Over three billion people are now online and information and communication technology (ICT) growth remains buoyant in just about every country worldwide, according to ITU’s flagship annual ‘Measuring the Information Society Report’.
Latest data show that Internet use continues to grow steadily, at 6.6% globally in 2014 (3.3% in developed countries, 8.7% in the developing world). The number of Internet users in developing countries has doubled in five years (2009-2014), with two thirds of all people online now living in the developing world.
In the mobile cellular segment, the report estimates that by end 2014 there will be seven billion mobile subscriptions, roughly corresponding to the total global population. But it warns against concluding that everyone is connected; instead, many users have multiple subscriptions, with global growth figures sometimes translating into little real improvement in the level of connectivity of those at the very bottom of the pyramid. An estimated 450 million people worldwide live in places which are still out of reach of mobile cellular service.
“It is precisely in poor and rural areas where ICTs can make a particularly significant impact,” said Brahima Sanou, Director of ITU’s Telecommunication Development Bureau, which produces the report.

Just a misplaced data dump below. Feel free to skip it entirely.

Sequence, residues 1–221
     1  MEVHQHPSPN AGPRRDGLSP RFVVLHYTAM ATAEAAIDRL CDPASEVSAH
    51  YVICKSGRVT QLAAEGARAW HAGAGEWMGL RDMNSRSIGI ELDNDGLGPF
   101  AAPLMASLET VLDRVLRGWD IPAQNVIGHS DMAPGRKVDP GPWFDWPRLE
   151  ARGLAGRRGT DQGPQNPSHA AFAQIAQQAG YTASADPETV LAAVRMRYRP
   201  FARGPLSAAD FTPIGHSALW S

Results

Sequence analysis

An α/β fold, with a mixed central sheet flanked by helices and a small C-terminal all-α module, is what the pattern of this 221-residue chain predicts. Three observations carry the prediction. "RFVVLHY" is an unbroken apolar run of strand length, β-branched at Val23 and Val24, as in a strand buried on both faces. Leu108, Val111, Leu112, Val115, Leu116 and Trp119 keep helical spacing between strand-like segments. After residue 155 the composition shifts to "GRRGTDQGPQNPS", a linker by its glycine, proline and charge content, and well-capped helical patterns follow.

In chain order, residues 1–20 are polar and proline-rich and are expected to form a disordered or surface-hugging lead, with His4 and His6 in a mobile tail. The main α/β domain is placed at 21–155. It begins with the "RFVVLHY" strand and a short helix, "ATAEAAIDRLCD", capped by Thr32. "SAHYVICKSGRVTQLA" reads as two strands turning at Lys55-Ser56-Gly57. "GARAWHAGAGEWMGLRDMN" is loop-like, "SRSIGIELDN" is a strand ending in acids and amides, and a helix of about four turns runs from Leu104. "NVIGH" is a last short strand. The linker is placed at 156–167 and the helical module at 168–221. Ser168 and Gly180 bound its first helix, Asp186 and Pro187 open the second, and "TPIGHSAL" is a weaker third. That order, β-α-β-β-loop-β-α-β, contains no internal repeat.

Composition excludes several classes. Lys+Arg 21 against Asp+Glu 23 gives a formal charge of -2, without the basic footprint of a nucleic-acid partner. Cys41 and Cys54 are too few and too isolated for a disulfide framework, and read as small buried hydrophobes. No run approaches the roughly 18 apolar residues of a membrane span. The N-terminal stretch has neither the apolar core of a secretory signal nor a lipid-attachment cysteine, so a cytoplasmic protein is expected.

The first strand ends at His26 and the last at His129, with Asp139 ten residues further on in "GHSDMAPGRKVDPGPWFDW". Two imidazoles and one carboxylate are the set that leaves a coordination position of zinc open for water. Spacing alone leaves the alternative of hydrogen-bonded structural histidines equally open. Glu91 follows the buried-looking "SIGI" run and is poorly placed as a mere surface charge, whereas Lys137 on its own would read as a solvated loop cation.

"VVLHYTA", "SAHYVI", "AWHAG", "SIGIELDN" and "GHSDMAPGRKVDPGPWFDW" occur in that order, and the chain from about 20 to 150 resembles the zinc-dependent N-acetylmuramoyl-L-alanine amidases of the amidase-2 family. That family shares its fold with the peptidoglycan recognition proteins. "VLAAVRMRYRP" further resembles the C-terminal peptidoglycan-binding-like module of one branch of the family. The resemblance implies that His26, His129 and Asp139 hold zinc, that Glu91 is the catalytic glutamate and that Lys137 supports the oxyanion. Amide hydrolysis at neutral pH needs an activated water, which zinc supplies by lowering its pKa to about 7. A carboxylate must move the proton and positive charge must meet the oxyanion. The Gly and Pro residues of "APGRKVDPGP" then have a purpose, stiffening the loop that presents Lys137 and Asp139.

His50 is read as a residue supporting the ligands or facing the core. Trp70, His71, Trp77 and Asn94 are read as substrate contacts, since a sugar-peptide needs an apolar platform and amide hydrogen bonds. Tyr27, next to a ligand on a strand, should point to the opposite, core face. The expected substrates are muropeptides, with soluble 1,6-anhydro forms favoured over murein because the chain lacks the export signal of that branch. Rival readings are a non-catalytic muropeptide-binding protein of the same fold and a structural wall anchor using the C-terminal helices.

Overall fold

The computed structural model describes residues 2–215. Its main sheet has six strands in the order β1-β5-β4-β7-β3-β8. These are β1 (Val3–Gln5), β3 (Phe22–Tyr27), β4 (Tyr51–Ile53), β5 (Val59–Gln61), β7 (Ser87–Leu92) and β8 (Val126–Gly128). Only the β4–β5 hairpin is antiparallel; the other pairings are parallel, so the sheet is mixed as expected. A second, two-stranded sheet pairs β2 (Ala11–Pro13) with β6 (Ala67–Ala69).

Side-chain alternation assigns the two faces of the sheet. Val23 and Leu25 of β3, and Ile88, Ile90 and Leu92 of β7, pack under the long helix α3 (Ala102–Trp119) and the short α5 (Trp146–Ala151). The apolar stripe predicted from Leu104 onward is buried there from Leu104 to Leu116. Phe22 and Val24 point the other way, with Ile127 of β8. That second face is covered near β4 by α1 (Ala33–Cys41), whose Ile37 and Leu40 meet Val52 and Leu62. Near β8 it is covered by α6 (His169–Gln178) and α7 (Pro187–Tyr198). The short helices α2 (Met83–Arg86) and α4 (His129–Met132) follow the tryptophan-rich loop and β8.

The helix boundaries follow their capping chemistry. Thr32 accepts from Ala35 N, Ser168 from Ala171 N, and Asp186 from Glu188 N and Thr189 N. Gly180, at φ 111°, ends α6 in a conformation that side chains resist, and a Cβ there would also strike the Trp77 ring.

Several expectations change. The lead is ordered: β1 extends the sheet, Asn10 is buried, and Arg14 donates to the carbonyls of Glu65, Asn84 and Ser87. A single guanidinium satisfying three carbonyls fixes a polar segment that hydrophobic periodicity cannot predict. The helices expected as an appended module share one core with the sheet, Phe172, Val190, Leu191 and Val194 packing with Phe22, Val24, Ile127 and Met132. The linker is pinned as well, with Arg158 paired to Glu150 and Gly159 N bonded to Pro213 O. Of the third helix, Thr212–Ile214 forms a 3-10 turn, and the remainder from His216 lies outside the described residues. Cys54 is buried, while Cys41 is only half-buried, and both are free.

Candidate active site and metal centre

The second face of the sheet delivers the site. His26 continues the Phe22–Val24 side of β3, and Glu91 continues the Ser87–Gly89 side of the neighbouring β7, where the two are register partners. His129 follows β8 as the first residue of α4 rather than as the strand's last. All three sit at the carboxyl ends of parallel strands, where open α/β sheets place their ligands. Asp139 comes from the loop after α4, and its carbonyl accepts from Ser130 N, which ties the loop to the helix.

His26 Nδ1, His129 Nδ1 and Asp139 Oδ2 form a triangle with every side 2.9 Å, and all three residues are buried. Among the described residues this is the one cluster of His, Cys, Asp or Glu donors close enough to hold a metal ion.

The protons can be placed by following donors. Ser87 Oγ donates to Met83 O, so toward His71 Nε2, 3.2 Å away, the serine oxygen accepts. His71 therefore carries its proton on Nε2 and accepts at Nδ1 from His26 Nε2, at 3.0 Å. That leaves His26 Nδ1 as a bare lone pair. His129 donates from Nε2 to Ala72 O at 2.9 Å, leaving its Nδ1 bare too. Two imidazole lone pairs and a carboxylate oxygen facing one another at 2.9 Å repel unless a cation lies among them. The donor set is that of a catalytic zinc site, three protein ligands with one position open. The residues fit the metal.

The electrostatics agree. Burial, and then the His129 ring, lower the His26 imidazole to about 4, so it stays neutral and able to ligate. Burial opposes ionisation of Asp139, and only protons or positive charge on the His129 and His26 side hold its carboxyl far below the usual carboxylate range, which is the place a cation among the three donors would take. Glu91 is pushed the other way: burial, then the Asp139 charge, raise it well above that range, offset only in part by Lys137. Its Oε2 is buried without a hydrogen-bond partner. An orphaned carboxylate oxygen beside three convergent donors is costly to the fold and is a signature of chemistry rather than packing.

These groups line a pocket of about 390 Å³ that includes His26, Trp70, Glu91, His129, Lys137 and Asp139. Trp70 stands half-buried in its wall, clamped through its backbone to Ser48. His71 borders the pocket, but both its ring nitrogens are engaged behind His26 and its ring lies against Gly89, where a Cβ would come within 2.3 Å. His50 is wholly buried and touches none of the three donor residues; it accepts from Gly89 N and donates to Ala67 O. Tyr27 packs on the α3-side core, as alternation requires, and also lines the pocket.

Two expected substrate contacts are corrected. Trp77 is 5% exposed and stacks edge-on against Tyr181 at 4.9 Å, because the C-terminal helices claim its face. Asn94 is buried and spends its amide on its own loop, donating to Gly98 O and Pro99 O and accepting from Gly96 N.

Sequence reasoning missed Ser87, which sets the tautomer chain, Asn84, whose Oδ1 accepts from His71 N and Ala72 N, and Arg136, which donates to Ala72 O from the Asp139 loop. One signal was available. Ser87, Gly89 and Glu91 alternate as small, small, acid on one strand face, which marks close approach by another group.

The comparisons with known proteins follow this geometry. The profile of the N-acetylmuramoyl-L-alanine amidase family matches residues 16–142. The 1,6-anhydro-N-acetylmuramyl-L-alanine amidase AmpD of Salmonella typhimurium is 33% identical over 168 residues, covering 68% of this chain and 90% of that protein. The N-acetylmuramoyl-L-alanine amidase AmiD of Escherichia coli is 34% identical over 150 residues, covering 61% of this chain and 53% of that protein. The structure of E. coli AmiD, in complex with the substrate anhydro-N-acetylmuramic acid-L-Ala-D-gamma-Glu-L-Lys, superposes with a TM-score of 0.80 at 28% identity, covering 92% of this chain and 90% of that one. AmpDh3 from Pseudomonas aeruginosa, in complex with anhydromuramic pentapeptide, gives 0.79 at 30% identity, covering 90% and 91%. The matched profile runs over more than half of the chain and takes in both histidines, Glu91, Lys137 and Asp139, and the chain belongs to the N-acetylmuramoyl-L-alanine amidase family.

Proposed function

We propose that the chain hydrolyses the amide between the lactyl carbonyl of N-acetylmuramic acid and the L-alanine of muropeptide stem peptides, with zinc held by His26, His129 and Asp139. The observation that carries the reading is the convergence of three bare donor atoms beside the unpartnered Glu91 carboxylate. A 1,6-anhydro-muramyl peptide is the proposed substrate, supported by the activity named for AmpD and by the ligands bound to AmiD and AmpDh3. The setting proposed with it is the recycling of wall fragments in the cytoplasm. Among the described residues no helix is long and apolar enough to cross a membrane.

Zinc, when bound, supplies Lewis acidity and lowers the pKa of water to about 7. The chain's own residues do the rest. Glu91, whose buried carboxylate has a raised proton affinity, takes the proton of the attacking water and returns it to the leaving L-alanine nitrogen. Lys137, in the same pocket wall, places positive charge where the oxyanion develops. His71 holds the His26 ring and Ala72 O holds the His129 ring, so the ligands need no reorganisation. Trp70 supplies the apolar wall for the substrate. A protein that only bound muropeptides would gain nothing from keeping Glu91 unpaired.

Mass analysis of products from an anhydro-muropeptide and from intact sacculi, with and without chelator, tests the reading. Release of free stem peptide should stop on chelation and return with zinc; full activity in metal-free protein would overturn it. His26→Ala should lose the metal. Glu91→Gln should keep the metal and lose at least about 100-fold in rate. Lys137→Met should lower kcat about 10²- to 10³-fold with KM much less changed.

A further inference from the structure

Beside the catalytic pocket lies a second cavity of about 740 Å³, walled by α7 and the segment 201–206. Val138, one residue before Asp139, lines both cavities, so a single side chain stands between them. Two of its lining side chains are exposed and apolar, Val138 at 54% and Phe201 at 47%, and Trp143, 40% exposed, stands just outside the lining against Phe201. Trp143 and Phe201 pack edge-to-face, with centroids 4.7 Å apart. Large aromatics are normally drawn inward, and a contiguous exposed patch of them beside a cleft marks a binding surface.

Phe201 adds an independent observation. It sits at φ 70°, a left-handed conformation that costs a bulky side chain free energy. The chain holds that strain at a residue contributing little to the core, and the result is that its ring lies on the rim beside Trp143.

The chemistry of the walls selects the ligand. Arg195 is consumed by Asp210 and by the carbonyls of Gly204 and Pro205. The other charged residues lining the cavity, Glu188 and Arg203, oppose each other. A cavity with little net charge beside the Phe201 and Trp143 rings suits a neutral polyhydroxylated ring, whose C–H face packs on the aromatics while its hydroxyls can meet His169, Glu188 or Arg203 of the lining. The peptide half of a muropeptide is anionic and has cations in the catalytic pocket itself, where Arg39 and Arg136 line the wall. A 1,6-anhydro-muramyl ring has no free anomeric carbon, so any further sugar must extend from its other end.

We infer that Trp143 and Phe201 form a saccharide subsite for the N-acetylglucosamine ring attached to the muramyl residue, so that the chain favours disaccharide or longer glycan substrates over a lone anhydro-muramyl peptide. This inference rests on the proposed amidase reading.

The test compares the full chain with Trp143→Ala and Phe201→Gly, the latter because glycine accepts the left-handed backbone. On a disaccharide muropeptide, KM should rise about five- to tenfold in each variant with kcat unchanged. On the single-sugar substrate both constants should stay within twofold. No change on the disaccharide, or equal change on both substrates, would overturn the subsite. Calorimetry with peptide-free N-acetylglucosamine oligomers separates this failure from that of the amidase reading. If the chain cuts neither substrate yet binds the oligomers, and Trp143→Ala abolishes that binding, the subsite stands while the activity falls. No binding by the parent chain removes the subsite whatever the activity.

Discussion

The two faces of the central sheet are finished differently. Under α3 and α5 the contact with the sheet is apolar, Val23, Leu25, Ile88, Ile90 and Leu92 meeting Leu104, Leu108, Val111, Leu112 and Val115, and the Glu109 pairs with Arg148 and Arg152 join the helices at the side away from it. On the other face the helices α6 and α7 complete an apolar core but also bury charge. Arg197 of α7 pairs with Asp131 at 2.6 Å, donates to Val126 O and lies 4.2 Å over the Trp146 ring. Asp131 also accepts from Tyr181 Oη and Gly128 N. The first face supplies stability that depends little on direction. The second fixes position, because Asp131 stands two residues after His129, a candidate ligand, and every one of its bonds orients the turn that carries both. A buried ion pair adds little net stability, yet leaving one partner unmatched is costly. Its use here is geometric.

The report identifies a group of ‘most dynamic countries’, which have recorded above-average improvements in their ICT Development Index (IDI) rank over the past 12 months. These include (in order of most improved): United Arab Emirates, Fiji, Cape Verde, Thailand, Oman, Qatar, Belarus, Bosnia and Herzegovina, and Georgia.
“ICTs have the potential to make the world a much better place – in particular for those who are the poorest and the most disenfranchised, including women, youth, and those with disabilities,” said ITU Secretary-General Dr Hamadoun I. Touré.
ITU’s IDI is widely recognised by government, UN agencies and industry as the most accurate and impartial measure of overall national ICT development. It combines 11 indicators into a single measure that can be used as a benchmarking tool globally, regionally, and at national level, as well as helping track progress in ICT development over time. It measures ICT access, use and skills, and includes such indicators as mobile cellular subscriptions, households with a computer, Internet users, fixed and mobile broadband Internet subscriptions, and basic literacy rates.